Blood flow, oxygenation, and oxidative stress in the post-stenotic kidney

Roger G. Evans, Paul M O'Connor

Research output: Chapter in Book/Report/Conference proceedingChapter

2 Citations (Scopus)

Abstract

Renal ischemia, hypoxia and oxidative stress progress together over the course of renovascular disease, and thus appear to operate in a vicious pathological triangle. Renal ischemia is initially driven by the mechanical effect of the stenosis, and maintained in the medium term chiefly by activation of the systemic and intrarenal renin-angiotensin systems. In the longer term, ischemia is exacerbated by inflammation, fibrosis and microvascular rarefaction, at least partly driven by signaling cascades initiated by oxidative stress and tissue hypoxia. Oxidative stress in renovascular disease is initially driven by activation of the renin-angiotensin system, but other factors, such as the pro-oxidant effects of uremic toxins, likely also contribute in the longer term. Oxidative stress drives ischemia by the direct vasoconstrictor effects of reactive oxygen species such as superoxide, and through reduced bioavailability of the vasodilator nitric oxide. This microvascular dysfunction appears to be a major driver of microvascular remodeling and rarefaction. Ischemia drives tissue hypoxia by reducing oxygen delivery to tissue. Oxidative stress and the resultant reduction in nitric oxide bioavailability also promote hypoxia by reducing the efficiency of oxygen utilization in mitochondria. Reduced glomerular filtration leads to reduced renal oxygen consumption, so provides some protection against the development of tissue hypoxia, at least in mild or early stage renovascular disease. But, eventually, homeostasis of tissue oxygenation cannot be maintained, and tissue hypoxia ensues.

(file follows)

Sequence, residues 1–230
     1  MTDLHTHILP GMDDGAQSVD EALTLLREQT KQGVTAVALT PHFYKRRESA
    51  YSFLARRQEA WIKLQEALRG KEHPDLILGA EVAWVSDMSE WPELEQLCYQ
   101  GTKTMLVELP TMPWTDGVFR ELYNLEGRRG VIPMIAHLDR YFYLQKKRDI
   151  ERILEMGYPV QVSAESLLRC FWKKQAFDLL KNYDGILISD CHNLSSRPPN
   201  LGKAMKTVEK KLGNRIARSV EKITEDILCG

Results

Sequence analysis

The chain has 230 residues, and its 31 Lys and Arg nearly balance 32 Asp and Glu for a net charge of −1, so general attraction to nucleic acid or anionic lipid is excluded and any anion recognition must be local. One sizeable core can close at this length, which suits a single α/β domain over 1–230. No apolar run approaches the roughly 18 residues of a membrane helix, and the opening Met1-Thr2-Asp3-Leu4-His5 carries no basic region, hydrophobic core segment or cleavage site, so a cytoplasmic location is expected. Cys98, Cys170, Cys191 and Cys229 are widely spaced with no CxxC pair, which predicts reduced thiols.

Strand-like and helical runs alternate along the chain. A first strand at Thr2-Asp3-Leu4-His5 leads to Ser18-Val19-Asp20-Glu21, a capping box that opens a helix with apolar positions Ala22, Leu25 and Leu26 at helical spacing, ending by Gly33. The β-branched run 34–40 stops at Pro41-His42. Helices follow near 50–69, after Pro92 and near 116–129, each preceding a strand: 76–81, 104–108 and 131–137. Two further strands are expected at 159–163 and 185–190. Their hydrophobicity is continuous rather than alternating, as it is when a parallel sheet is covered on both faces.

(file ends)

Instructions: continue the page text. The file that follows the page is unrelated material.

Original languageEnglish (US)
Title of host publicationRenal Vascular Disease
PublisherSpringer-Verlag London Ltd
Pages151-171
Number of pages21
Volume9781447128106
ISBN (Print)9781447128106, 1447128095, 9781447128090
DOIs
StatePublished - Dec 1 2014

Fingerprint

Oxidative Stress
Kidney
Ischemia
Renin-Angiotensin System
Biological Availability
Reactive Oxygen Species
Nitric Oxide
Oxygen
Vasoconstrictor Agents
Vasodilator Agents
Oxygen Consumption
Superoxides
Hypoxia
Mitochondria
Pathologic Constriction
Homeostasis
Fibrosis
Inflammation

Keywords

  • Fibrosis
  • Inflammation
  • Microvascular rarefaction
  • Oxidative stress
  • Oxygen
  • Perfusion
  • Renal cortex
  • Renal medulla

ASJC Scopus subject areas

  • Medicine(all)

Cite this

Evans, R. G., & O'Connor, P. M. (2014). Blood flow, oxygenation, and oxidative stress in the post-stenotic kidney. In Renal Vascular Disease (Vol. 9781447128106, pp. 151-171). Springer-Verlag London Ltd. https://doi.org/10.1007/978-1-4471-2810-6_9

Blood flow, oxygenation, and oxidative stress in the post-stenotic kidney. / Evans, Roger G.; O'Connor, Paul M.

Renal Vascular Disease. Vol. 9781447128106 Springer-Verlag London Ltd, 2014. p. 151-171.

Research output: Chapter in Book/Report/Conference proceedingChapter

Evans, RG & O'Connor, PM 2014, Blood flow, oxygenation, and oxidative stress in the post-stenotic kidney. in Renal Vascular Disease. vol. 9781447128106, Springer-Verlag London Ltd, pp. 151-171. https://doi.org/10.1007/978-1-4471-2810-6_9
Evans RG, O'Connor PM. Blood flow, oxygenation, and oxidative stress in the post-stenotic kidney. In Renal Vascular Disease. Vol. 9781447128106. Springer-Verlag London Ltd. 2014. p. 151-171 https://doi.org/10.1007/978-1-4471-2810-6_9
Evans, Roger G. ; O'Connor, Paul M. / Blood flow, oxygenation, and oxidative stress in the post-stenotic kidney. Renal Vascular Disease. Vol. 9781447128106 Springer-Verlag London Ltd, 2014. pp. 151-171
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